Larry Page Interview With Fortune Gives Little Insight into Relationship with Apple

BY Tris Hussey

Published 11 Dec 2012

First Tim Cook sat down with Businessweek, and now Larry Page has sat down for an interview with Fortune. As a teaser to a much longer article that will come later in Fortune magazine, Fortune published some of the 70 minute interview between Larry Page and Miguel Helft. The interview posted is interesting, but not nearly as interesting as Tim Cook’s discussion with Businessweek.

We live in an (tech) era where several large companies are vying for our dollars and attention. If Google and Apple are the major players, and Microsoft, Amazon, Yahoo!, and Samsung all having their own roles to play, it makes sense that we’d want to hear from the leaders of the two big companies.

In the Fortune interview, Larry does, as expected, talk about Apple, but before we get into his comments on Apple, here is how he views competition:

Because you don’t think about competition?
Obviously we think about competition to some extent. But I feel my job is mostly getting people not to think about our competition. In general I think there’s a tendency for people to think about the things that exist. Our job is to think of the thing you haven’t thought of yet that you really need. And by definition, if our competitors knew that thing, they wouldn’t tell it to us or anybody else. I think just our strengths, our weaknesses, our opportunities are different than any other company.

So, let’s consider that the baseline for how Larry Page would view Apple (and other competitors), they can’t work by looking at others and copying, they have to think of new things and new ways of doing things we do already that could be better. Now on to Apple.

I’ve pulled the directly Apple-related questions and comments below and will comment below:

I don’t know if this is unique at this time in this industry, but there are companies that are clearly competing with each other [Google, Apple (AAPL) and Amazon], with completely different business models.
I actually view that as a shame when you think about it that way. All the big technology companies are big because they did something great. I’d like to see more cooperation on the user side. The Internet was made in universities and it was designed to interoperate. And as we’ve commercialized it, we’ve added more of an island-like approach to it, which I think is a somewhat a shame for users.

So in light of that, Apple’s still a partner. It’s a competitor. You and Steve Jobs were friendly.
At times.

At times. You said that whole thing about Android and them being angry about it, that it was for show.
I didn’t say that entirely. I said partly.

[Apple did it] partly for show, to get the troops to rally.
By the way, that’s something I try not to do. I don’t like to rally my company in that way because I think that if you’re looking at somebody else, you’re looking at what they do now, and that’s not how again you stay two or three steps ahead.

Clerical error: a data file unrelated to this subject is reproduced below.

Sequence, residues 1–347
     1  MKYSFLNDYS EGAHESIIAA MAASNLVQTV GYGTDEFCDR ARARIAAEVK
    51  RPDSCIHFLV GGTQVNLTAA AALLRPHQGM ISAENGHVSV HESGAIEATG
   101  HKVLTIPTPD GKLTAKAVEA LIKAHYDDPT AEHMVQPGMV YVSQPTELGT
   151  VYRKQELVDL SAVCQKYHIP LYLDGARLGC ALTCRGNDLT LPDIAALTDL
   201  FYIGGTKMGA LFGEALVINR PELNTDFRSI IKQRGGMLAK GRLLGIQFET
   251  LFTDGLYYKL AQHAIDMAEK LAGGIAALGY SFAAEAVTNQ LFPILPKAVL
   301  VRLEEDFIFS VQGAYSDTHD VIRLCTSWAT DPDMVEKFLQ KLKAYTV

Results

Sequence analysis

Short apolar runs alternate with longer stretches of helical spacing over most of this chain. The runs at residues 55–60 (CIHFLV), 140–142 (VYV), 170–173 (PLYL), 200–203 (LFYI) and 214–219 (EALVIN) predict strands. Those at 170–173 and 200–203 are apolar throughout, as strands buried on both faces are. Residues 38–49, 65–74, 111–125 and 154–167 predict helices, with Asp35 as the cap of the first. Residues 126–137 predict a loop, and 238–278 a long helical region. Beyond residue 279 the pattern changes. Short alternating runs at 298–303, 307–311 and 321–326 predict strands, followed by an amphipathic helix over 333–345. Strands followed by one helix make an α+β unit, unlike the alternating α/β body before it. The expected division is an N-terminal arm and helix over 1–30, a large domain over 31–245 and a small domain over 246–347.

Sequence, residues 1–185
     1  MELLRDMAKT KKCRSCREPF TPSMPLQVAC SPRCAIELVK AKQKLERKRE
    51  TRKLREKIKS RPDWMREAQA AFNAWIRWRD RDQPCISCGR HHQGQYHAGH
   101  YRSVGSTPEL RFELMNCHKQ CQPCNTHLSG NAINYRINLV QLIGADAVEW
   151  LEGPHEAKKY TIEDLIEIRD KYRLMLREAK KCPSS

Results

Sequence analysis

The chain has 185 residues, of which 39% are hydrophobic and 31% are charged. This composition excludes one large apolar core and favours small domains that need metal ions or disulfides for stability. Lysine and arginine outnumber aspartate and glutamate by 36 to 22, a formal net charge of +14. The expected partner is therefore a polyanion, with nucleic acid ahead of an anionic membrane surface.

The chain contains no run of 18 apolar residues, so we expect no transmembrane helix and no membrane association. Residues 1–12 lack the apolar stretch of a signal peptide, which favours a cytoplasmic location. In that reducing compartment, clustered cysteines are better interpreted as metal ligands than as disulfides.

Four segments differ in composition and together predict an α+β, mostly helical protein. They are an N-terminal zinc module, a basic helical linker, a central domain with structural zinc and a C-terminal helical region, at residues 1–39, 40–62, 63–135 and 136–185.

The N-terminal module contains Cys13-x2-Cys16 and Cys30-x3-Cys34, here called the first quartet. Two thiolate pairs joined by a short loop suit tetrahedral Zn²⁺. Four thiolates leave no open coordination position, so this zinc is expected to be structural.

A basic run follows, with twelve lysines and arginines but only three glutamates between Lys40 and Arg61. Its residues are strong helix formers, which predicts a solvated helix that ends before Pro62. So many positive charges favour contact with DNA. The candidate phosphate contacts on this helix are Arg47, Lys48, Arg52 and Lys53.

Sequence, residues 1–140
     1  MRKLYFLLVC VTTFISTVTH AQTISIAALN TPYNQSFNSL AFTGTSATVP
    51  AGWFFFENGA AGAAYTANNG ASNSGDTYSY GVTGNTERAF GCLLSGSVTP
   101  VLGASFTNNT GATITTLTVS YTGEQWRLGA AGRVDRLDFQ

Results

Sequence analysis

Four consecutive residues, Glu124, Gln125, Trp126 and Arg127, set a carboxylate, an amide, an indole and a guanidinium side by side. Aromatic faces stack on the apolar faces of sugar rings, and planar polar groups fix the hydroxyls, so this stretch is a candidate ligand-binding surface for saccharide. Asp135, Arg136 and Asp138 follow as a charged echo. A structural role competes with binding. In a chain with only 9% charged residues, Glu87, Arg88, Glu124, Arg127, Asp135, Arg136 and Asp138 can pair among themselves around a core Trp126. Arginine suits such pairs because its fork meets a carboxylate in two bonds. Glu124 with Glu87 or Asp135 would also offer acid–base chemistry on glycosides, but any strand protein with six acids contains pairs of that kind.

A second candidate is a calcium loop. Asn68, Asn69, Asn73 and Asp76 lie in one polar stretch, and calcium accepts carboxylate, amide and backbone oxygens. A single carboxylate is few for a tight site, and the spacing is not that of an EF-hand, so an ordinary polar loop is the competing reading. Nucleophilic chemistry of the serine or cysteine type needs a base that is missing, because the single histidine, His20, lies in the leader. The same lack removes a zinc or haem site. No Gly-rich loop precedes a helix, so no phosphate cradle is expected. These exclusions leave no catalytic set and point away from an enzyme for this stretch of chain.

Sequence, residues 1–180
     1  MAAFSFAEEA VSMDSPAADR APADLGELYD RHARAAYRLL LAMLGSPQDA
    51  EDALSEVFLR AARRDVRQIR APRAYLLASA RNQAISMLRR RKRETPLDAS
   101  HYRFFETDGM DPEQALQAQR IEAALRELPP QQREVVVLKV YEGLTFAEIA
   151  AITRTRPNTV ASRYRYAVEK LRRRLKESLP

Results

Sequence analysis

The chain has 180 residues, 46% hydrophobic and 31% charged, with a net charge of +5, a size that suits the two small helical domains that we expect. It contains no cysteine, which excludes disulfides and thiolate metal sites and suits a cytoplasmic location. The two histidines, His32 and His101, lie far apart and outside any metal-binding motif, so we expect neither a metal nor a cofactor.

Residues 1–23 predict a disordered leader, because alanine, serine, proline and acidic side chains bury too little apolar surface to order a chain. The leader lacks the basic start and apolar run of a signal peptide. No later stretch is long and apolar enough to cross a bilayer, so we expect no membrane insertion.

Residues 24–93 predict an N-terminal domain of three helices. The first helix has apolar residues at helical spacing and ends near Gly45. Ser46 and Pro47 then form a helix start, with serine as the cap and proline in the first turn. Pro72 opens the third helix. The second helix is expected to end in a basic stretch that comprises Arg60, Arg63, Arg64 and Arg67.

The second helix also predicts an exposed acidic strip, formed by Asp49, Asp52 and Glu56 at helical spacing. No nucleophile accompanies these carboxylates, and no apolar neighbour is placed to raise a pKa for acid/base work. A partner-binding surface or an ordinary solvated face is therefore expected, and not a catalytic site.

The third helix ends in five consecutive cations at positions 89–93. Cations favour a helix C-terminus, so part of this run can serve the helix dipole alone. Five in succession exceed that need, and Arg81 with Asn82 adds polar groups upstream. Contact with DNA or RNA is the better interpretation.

So Apple obviously is a huge distribution partner for some of your services. How is the relationship?
What I was trying to say was I think it would be nice if everybody would get along better and the users didn’t suffer as a result of other people’s activities. I try to model that. We try pretty hard to make our products be available as widely as we can. That’s our philosophy. I think sometimes we’re allowed to do that. Sometimes we’re not.

So do you have an ongoing conversation with Apple about these kinds of issues and trying to resolve them?
I mean, obviously we talk to Apple. We have a big search relationship with Apple, and so on, and we talk to them and so on.

We could spent hours reading between the lines here, but my sense is that the relationship between Google and Apple is more than a little tense. I think the switch from Maps and pulling the YouTube app were real slaps in the face for Google. Probably worse was that Maps hasn’t been a great replacement for Google Maps. Heck, if Apple Maps was just a better app than Google offered, that would be one thing. That’s “yeah, they found a way to do it better…” situation, but that didn’t happen. Apple replaced a great thing with a mediocre thing.

Android is an interesting part of the discussion. Part saying “we know it was bluster”, but also seeing the real fight in those words. Apple hasn’t gone after Google in the courts over Android, per se, so the scorched earth battle isn’t going to the Android capital city just yet (just allies). However Google, I think, does believe that Android and iOS are opposing forces in the mobile OS world:

How will you decide when to do a Motorola Nexus device, and what do you tell Samsung and LG?
I think there’s a lot of complexity in that question. Maybe I’ll talk more generally about that area. The right way to think about it is how do we get amazing products into users’ hands in the most cost-effective, highest quality way possible and to the most people. That’s what we do as a business, and that’s what we’ve done with Android.

Maybe the complete article will have more depth than this preview, because I read this as a very superficial chat as compared to Tim Cook’s interview with Businessweek. Right now, there isn’t anything we know now that we didn’t already know, or couldn’t have just surmised ourselves.